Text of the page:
Perhaps one of the most terrifying happenings in a driver’s life is the nearly-guaranteed-to-happen-at-least-once-before-you’re-too-old-to-drive car accident. When this happens, be prepared, be safe, and be smart. Follow these simple instructions if you happen to find yourself with the front end of your car smashed into a guardrail.
Shut off the car. If the gas tank is damaged or punctured, you don’t want the hot fumes to ignite a spark. Then the dent in the side of the passenger door would be the least of your problems.
Check the passengers. Are they ok? Any broken bones? Extensive bleeding? Call 911 if needed.
If another car was involved, go talk to the driver. Exchange insurance information, phone numbers, and such. It doesn’t matter if you’re the world’s greatest driver; the other person probably doesn’t know that yet; don’t accuse.
If damage is minimal you might want to consider paying for repairs out of pocket if you were at fault or having the other party pay out of pocket if they are responsible. Remember your own insurance company pays for any damage to your vehicle whether you are at fault or not. After 3 incidents even though you were not at fault you may have a problem getting your policy renewed. If there is personal injury involved in any accident always report it to your insurance company. If the insurance company is not involved with a seemingly minor property claim and the individual sues for personal injuries later you will be on your own since they were never involved in the original claim!
If involving your insurance company then call the police and file a report. Then call the insurance company.
If the insurance company recommends that you get your car repaired at a Direct Repair Facility (D.R.P. facility), it might be in your best interest to follow the company’s advice. They recommend the D.R.P.’s because they know the repair shop won’t take its sweet time in fixing your automobile to the condition it was* before it was damaged. D.R.P philosophy is to make getting your car repaired as painlessly as possible. If you want to have your vehicle repaired by a repair shop of your chosing you also can insist it be repaired by a facility of you choice. Sure you could get similar service from other non-D.R.P. places, but then you’d actually have to go out and look for it. Why not make the insurance company do all the work?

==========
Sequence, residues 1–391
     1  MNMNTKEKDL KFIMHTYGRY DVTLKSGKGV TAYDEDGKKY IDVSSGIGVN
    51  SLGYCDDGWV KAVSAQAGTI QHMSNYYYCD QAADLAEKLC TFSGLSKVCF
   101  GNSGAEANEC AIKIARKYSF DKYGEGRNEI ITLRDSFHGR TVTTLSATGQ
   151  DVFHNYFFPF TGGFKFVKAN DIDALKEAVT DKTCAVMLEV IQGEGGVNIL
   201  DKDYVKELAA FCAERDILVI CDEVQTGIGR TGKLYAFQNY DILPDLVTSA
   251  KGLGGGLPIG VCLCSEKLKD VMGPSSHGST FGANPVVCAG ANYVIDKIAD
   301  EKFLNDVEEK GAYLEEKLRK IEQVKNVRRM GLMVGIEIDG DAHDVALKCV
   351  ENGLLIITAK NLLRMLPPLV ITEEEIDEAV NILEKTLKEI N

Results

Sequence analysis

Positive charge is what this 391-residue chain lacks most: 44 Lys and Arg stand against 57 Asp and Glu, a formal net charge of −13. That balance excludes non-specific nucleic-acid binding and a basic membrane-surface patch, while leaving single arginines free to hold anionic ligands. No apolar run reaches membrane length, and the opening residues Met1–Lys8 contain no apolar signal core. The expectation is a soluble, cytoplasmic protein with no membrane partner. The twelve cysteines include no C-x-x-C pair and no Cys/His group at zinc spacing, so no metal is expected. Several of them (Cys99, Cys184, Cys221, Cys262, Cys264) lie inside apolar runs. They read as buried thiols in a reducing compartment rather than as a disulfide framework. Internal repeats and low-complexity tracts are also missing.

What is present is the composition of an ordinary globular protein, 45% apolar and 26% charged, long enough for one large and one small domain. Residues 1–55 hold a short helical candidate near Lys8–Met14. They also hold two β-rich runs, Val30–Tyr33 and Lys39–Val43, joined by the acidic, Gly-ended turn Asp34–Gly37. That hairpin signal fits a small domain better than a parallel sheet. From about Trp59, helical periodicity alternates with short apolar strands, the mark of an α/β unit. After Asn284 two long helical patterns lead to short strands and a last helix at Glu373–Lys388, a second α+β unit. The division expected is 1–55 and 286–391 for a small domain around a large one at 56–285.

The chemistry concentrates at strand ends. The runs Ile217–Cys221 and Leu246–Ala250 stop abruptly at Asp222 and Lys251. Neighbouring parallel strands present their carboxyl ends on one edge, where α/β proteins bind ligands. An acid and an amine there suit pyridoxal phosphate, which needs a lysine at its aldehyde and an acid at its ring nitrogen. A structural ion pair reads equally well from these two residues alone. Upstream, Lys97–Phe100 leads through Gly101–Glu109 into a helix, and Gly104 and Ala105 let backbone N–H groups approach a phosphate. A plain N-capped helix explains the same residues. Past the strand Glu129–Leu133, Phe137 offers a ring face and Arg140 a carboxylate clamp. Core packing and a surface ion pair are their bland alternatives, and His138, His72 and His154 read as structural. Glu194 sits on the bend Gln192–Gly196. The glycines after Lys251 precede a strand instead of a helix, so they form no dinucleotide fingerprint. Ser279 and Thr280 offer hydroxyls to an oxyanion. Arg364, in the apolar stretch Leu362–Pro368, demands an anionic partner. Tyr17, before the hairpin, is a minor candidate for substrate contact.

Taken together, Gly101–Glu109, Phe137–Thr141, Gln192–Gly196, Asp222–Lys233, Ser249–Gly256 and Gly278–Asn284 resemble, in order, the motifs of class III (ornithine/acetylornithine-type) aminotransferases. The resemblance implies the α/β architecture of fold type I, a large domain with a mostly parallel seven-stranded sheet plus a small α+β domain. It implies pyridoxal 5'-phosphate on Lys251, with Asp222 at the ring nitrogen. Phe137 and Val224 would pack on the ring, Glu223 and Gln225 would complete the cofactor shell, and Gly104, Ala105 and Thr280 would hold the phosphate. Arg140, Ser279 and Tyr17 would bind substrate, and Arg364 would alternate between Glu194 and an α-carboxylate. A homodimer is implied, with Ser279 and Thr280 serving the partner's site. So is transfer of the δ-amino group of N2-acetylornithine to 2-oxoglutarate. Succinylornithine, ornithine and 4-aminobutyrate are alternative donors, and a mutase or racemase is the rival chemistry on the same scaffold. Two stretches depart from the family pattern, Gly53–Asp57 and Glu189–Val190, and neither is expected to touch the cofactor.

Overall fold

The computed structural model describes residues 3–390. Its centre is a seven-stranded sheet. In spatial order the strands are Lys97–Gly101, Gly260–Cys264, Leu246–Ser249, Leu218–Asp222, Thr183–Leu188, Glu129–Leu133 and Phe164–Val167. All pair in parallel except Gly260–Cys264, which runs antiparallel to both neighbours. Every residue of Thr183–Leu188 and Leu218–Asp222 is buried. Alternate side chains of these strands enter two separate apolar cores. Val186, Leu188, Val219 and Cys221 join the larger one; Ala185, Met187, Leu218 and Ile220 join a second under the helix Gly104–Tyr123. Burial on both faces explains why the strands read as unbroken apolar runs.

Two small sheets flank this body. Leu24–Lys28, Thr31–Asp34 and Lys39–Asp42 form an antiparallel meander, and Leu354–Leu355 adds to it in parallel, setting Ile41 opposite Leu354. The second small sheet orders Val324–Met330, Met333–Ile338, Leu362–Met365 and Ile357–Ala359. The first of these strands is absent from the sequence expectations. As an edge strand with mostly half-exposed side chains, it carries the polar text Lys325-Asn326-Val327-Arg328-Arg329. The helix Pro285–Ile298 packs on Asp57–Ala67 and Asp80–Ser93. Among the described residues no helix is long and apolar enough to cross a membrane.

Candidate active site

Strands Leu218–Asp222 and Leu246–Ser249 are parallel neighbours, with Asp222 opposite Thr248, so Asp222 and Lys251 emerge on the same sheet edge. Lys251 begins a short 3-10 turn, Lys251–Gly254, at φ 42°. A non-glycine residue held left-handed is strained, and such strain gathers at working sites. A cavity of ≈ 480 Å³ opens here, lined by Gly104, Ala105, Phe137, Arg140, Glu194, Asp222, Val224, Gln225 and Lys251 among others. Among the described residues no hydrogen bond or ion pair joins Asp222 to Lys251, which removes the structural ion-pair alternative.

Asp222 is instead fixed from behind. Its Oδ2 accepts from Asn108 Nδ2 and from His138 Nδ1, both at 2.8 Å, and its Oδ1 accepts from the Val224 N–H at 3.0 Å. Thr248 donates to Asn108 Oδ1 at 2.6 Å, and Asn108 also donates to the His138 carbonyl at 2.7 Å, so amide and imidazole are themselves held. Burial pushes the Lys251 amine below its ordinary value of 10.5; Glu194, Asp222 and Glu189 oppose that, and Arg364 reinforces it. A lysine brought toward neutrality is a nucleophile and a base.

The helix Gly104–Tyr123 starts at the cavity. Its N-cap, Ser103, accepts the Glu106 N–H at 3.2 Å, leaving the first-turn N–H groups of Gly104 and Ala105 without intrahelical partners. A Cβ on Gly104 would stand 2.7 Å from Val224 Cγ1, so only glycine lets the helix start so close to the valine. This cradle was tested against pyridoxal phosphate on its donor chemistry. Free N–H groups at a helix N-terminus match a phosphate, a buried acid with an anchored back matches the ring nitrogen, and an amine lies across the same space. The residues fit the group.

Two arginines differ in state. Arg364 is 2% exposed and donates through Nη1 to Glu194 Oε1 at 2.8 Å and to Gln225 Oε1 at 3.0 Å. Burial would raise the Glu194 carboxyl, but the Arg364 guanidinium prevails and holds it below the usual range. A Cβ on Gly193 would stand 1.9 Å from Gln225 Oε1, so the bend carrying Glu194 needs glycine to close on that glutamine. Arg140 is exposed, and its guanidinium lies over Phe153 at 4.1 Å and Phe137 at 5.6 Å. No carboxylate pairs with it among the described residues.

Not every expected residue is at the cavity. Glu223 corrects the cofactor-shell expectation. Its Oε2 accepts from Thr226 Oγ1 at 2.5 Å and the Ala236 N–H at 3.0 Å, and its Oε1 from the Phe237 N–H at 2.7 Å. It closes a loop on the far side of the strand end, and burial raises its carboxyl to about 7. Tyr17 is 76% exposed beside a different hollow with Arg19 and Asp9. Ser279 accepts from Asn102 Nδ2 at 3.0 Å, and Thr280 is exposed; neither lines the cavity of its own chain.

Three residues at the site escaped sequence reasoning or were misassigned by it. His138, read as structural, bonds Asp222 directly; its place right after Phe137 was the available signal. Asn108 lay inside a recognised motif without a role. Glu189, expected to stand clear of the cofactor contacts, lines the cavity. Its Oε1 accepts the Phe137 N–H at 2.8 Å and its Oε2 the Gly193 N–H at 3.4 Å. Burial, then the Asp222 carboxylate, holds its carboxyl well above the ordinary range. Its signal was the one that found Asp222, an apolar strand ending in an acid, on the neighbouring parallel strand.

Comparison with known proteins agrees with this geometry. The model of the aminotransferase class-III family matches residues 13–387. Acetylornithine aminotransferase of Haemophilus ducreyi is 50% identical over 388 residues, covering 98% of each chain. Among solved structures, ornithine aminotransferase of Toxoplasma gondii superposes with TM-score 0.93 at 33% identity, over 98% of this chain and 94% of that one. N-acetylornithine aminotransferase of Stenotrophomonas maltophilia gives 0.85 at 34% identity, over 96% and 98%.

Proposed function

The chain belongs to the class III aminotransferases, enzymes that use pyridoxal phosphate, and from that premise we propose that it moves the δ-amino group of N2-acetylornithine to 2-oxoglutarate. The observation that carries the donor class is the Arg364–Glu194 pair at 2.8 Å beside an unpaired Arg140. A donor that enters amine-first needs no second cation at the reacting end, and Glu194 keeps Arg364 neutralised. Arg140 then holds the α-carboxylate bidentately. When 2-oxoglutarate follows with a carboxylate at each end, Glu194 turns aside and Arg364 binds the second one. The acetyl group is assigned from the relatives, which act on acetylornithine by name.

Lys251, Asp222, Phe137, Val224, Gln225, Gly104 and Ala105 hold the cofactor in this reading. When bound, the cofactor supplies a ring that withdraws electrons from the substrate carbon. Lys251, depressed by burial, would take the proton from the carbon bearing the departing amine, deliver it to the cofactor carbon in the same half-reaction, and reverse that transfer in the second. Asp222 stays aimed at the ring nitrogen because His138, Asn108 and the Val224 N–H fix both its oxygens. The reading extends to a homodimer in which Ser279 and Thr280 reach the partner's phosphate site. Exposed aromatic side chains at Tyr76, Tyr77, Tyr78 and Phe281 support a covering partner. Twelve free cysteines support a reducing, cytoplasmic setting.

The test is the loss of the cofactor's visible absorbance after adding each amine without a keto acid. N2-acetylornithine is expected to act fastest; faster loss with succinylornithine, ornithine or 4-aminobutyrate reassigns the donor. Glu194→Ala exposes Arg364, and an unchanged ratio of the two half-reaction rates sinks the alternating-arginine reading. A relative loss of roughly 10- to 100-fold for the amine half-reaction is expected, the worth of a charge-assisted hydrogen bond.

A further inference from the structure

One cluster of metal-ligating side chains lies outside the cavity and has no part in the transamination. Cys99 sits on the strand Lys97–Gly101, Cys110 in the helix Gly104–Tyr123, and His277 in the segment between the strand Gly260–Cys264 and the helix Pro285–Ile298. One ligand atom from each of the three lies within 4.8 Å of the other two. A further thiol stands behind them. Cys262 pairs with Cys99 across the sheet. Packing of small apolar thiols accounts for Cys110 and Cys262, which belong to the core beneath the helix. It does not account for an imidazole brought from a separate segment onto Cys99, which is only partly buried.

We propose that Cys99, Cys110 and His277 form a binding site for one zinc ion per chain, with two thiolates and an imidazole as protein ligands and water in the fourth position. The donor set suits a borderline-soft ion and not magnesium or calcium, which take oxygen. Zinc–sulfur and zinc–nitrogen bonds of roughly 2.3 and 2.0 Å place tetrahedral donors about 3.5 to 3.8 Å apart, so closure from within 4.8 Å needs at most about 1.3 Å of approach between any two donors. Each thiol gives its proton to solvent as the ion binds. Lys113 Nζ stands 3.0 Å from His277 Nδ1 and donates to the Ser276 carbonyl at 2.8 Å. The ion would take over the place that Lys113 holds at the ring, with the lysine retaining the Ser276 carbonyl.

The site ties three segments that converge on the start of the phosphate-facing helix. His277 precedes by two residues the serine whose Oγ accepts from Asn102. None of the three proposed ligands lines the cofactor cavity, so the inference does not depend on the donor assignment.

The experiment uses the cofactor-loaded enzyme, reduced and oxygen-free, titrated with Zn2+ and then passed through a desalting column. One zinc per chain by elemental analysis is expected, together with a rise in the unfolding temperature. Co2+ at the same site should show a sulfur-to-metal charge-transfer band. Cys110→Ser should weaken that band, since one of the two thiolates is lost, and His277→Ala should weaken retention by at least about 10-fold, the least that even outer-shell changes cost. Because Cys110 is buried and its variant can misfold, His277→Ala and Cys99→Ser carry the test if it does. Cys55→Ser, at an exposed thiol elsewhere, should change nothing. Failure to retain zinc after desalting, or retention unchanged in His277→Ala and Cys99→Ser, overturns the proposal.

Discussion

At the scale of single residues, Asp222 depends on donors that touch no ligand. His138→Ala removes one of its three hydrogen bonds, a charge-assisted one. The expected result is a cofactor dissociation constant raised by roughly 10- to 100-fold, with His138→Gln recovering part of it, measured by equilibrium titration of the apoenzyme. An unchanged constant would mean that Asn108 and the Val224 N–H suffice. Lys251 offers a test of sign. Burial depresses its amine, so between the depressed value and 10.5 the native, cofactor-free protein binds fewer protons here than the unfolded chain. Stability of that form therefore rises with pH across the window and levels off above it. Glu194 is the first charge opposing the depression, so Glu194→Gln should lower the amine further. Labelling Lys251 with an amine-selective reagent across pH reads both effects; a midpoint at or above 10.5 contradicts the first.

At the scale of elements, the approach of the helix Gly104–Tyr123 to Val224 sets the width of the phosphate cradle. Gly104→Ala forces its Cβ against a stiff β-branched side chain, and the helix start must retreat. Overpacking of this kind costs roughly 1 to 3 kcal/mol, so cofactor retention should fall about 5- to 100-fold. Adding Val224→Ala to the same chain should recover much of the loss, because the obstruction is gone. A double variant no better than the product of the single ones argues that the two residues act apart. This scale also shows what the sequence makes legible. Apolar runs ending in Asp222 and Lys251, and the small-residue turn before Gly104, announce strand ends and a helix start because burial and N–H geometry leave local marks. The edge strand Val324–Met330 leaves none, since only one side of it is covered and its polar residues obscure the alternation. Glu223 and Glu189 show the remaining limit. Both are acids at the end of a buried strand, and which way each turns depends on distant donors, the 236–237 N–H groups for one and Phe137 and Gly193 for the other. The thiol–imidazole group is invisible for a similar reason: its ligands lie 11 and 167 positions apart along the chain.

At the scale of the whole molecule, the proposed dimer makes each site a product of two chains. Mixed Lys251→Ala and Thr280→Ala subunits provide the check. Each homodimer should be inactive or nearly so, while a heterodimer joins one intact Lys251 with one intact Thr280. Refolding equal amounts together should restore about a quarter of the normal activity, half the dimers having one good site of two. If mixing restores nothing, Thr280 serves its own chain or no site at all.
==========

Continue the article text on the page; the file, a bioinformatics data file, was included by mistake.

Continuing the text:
* Insurance companies entitle you to having your car repaired to the way it was before the crash. So if the body was rusted before, the body will still be rusted after or you will pay betterment charges. No use trying to convince State Farm that that wreck that looks like it used to be a mini-van was actually once a 1967 hot rod. Yet it is your decision about what type of parts to fix the car with: Original Equipment (OEM) or non-original Equipment (After-Market). Regardless of your choice, the parts must be of Like Kind and Quality (L.KQ.). The repair shop should recommend which would be the better choice in your given situation.
There are certain features that a car can have to make sure it is better prepared for the hazards of the road. Make sure your car is equipped with them before you drive 100 mph on a dark highway.
While anti-lock brakes can’t promise that they will prevent you from getting into an accident, they are a key factor in avoiding collisions. They prevent the wheel from locking when you slam your foot on the brake in alarm so you can actually swerve out of the way of the deer standing dumb-founded in the middle of the road. Yet, the total benefits of anti-lock brakes only come with those cars that are equipped with it on all four wheels.
One of the peskiest things a driver can encounter is the guy following way too close with his brights shining blindingly into the rearview mirror. Get a car with automatic dimming rearview mirrors. Typical cars have the manual switch you can use to reduce that annoying light. Automatic ones, instead of allowing you to look at the road at a different angle, get dimmer as the glare in the mirror gets brighter. Some cars even have outside mirrors that automatically tint. In any event you are always better off to let tailgaters pass you even if it means pulling over to the side of the road.
Ceilings of cars may be equipped with head injury protection, which is foam or a similar material that absorbs energy and cannot be seen from riders in the car. Some cars even have side air bags for head protection.
That nifty little headrest that is on the back of the seat is actually a head restraint. It limits a head’s movement during a crash and can reduce the possibility of a neck sprain. Restraints are adjustable for your safety and can be most effective when then top of the restraint is between the top or your ears and the top of your head. The restraint should allow your head to rest parallel with your neck and not push your head forward or allow you to lean it back.
Traction control improves stability, so when you accelerate on wet or snow/ice covered roads you don’t experience a loss of steering in a front wheel drive vehicle or go into a dangerous skid on a rear wheel drive vehicle. This system controls and adjusts engine power and can apply brakes to certain wheels when you accelerate. This is most commonly found on cars with 4 channel anti-lock brakes.
While accidents are bound to happen, you can at least equip your car so that they occur less often.